The Fifty/Ninety songwriting challenge begins again tomorrow, and I'm planning to be squirrelled away in my home studio working on new music for most of the next three months. The challenge sets you the goal of writing fifty songs in the ninety days between July 4th and October 1st, and this will be the 11th time I've taken part. Not to sound smug or anything, but each year I've taken part I've managed to reach that target. Last year, I ended up with a quite ridiculous 117 pieces of music by the time I'd finished, which was crazy. I won't be doing that this year.

Rather than working on the quantity, I want to improve my song quality this year. That's more difficult than it sounds, because what is it, exactly, that sets a song apart as something of high quality? I really don't know, but I want to see if I can find out.

I also want to be less of a grumpy curmudgeon this year. The world is just as crazy as it was last summer (quite probably more so, in fact) but my personal circumstances are much, much easier than they were. Angry tirades do have their place in pop, for sure—but I've been favouring that approach over sweetness and light for an awfully long time and it's gotten old. It's time for a change. I suspect that I'm not going to find switching easy, so I'm awaiting hearing the end results with interest.


The weather has moved on from last month's heatwave. On Thursday night the temperature in the back garden dropped to 7°C (44°F) and on Sunday night it was back down to 8°C. Right now as I'm typing this, it's chucking it down and the rain is hammering on the conservatory roof as well as thrashing against the back door in the kitchen.

I think I've identified why I've been sleeping so badly lately; last night I woke up with throbbing pains in my elbows and hips. The old wives' tale that the arthritic can tell when the weather's going to change because their joints hurt appears to be based on fact.

Last summer I was working out with weights regularly, and that seemed to keep the joint pain at bay. I've rather let things slide over the past few months, so I think it's time I picked them up again. We'll see if that helps matters.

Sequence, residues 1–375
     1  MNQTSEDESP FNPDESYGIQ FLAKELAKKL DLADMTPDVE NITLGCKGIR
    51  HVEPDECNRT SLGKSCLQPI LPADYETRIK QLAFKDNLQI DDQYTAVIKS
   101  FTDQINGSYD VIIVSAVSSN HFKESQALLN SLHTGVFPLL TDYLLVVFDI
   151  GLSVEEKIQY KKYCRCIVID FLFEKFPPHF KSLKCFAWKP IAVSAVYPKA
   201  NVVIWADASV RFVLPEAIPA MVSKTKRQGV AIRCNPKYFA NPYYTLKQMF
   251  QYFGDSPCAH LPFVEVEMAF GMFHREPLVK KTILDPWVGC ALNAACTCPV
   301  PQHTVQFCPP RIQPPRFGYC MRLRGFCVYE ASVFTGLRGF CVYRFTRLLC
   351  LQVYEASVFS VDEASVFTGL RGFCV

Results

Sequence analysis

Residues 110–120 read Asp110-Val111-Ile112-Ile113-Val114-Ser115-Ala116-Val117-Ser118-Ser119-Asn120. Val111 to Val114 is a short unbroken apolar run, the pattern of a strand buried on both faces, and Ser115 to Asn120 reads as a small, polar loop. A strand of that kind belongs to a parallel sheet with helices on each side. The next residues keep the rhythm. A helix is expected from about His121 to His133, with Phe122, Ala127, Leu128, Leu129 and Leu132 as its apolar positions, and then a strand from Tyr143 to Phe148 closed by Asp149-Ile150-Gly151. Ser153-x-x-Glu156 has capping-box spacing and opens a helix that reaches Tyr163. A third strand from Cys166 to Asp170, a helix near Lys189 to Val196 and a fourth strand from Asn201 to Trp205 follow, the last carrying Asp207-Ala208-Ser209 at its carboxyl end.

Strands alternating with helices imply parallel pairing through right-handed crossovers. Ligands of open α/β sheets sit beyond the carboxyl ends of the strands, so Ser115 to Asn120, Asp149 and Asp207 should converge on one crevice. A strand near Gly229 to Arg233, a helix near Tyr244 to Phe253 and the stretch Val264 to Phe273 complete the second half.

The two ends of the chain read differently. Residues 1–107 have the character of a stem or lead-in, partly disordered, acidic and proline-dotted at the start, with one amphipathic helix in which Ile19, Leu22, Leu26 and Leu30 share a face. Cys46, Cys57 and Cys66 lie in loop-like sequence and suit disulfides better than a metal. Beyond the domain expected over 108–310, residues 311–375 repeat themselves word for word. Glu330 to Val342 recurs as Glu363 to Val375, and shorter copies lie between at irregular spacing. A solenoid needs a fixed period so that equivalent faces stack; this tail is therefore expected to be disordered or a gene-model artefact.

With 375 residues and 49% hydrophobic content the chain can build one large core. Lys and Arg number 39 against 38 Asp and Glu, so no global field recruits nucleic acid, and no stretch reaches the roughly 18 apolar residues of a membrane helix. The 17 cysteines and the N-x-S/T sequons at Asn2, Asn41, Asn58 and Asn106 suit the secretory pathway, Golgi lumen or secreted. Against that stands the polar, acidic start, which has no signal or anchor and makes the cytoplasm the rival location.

My new Aeron chair was delivered yesterday and after carrying it up to the studio and spending an hour or two sitting in it, I'm very happy with the level of comfort it provides. The way the pellicle fabric is stretched over the frame means it gives as much support as cushions would, perhaps more; cushions tend to compress over time when you don't give them an opportunity to bounce back. The amount of adjustment that's possible on many different parts of the chair means that I've got the thing just the way I want it. In comparison with the previous chair I was using (which, as I mentioned on the blog a few days ago, disintegrated after less than three years) the Aeron blows it away.

The Fifty/Ninety songwriting challenge starts once again on Tuesday, so I plan to spend a lot of time sitting in the studio over the next three months. I'm no longer worried about what that is likely to do to my back (but I will still be making sure that I take regular comfort breaks!)


I was delighted to discover yesterday that the original tape of the recording session which gave us the most famous (and well-used) sound effect in the history of cinema, the Wilhelm Scream was discovered a few months ago by Craig Smith, who was examining sound archives as part of his job as the Academic Sound Coordinator at the School of Film/Video at the California Institute of the Arts.

The Wilhelm Scream was recorded in 1951 for a western starring Gary Cooper that was set in the Florida Everglades. It was called Distant Drums and it pops up on Film Four's channel on UK television on a regular basis, should you wish to watch it and spot the sound as it appears in one of the film's pivotal scenes. Nobody seems to know for sure who the actor tasked for creating the sound of "Man eaten by alligator; screams" was, but the consensus is that it was the actor and singer Sheb Wooley, who is perhaps best known today for writing the novelty record The Purple People Eater. Craig Smith has digitised the recording session and uploaded all six of the attempts made to create the scream at; you can listen to it here. The fourth attempt is the one which went down in movie history.

The sound was duly added to the library of stock sounds at the Warner Brothers studio and it was used again in another Gary Cooper movie, Springfield Rifle the following year. Oddly enough, the sound didn't acquire its popular name until a couple of years later, in 1953. That was the year when it was used (for the third time) in a rather more formulaic western starring Guy Madison and Vera Miles called The Charge At Feather River. In this movie, the effect can be heard when a certain Private Wilhelm (played by Ralph Brooks) is shot in the leg with an arrow and falls off his horse. The scream seems to have been popular with sound designers from that point onwards, as it can also be heard as a stock sound effect in A Star Is Born (1954), Them! (1954), Land of the Pharaohs (1955), The Sea Chase (1955), Sergeant Rutledge (1960), PT 109 (1963), The Wild Bunch (1969), and The Green Berets (1968).

But it wasn't until Lucasfilm sound designer Ben Burtt rediscovered it in a sound effects library and dropped it into Star Wars (1977) that the thing took on a life of its own. Since then the scream has been used in hundreds of movies, television programmes, and even in video games (it can be heard if you hijack a vehicle in Borderlands 3 and throw the driver out, for example). If you search for the Wilhelm Scream tag over at iMDb right now, you'll get nearly 600 results and I can pretty much guarantee you'll have heard it in a film that you've seen recently.